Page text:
A murder defendant facing life in prison asked a judge today to let him undergo a test in which he gets drunk and experts analyze how violent he becomes.
Superior Court Judge Tari Eitzen declined Justin W. Crenshaw’s request and ordered him to take the test he’d refused to take at the Spokane County Jail late last month.
Crenshaw, charged with two counts of aggravated murder for the brutal slayings of Mead High School senior Sarah Clark and 20-year-old Tanner E. Pehl on Feb. 28, 2008, still is set for trial this month, with jury selection beginning June 28. Testimony cannot begin until July 12 because of scheduling conflicts with investigators.
Crenshaw, 22, requested the alcohol test himself and indicated possible concerns with his defense lawyer, Chris Bugbee, running for Spokane County prosecutor.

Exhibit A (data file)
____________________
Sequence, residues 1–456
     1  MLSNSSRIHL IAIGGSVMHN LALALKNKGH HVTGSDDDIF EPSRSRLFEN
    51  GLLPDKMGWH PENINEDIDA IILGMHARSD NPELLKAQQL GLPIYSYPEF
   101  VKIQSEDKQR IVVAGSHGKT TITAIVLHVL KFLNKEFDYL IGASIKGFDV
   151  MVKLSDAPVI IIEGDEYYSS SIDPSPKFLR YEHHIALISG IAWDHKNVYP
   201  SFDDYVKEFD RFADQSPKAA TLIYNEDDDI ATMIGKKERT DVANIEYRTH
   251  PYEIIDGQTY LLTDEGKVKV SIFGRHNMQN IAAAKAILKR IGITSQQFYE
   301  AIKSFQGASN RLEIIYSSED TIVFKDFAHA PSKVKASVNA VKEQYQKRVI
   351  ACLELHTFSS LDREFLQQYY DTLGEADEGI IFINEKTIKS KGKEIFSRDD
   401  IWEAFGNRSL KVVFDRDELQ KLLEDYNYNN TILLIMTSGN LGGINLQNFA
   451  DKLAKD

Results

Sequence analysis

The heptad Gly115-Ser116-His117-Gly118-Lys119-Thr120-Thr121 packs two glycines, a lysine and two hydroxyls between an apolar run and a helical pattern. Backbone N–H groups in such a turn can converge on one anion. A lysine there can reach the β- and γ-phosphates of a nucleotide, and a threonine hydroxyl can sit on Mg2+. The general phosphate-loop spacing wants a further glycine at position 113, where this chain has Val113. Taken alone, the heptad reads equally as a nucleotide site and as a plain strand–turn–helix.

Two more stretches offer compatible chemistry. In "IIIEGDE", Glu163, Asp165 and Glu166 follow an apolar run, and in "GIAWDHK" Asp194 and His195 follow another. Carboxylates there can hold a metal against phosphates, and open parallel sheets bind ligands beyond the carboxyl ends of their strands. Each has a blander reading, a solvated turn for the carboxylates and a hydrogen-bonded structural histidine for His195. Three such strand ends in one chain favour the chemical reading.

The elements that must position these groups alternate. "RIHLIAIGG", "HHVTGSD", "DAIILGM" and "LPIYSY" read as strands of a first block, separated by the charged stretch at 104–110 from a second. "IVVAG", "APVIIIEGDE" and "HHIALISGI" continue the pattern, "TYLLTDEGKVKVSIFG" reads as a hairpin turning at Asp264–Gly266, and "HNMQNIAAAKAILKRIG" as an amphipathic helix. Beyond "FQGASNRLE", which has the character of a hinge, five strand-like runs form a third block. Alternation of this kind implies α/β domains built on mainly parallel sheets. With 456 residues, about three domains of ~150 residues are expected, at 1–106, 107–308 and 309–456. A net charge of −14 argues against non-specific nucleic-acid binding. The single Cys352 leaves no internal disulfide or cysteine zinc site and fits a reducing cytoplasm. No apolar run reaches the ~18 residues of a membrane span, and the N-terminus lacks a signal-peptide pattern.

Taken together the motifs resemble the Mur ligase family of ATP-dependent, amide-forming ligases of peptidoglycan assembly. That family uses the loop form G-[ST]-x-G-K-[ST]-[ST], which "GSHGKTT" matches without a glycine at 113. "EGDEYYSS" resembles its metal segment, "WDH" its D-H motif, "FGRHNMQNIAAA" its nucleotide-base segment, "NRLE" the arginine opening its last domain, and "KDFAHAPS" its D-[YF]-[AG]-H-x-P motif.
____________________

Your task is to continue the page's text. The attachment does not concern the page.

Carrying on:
Crenshaw apparently plans to present the ‘diminished capacity’ defense at trial - meaning Bugbee will argue Crenshaw was incapable of intentionally causing death because of his mental capacity. The prosecution is to prove two aggravating factors: deliberate cruelty and multiple victims, one motive.
Eitzen told Crenshaw this morning that he has until Thursday to undergo a test by an Eastern State Hospital doctor or the diminished capacity defense won’t be admissible at trial. (Crenshaw had refused to answer questions when Dr. William Grant met with him at the jail May 27.) The test is the prosecution’s response to a test Crenshaw underwent in Western Washington that supports the diminished capacity defense.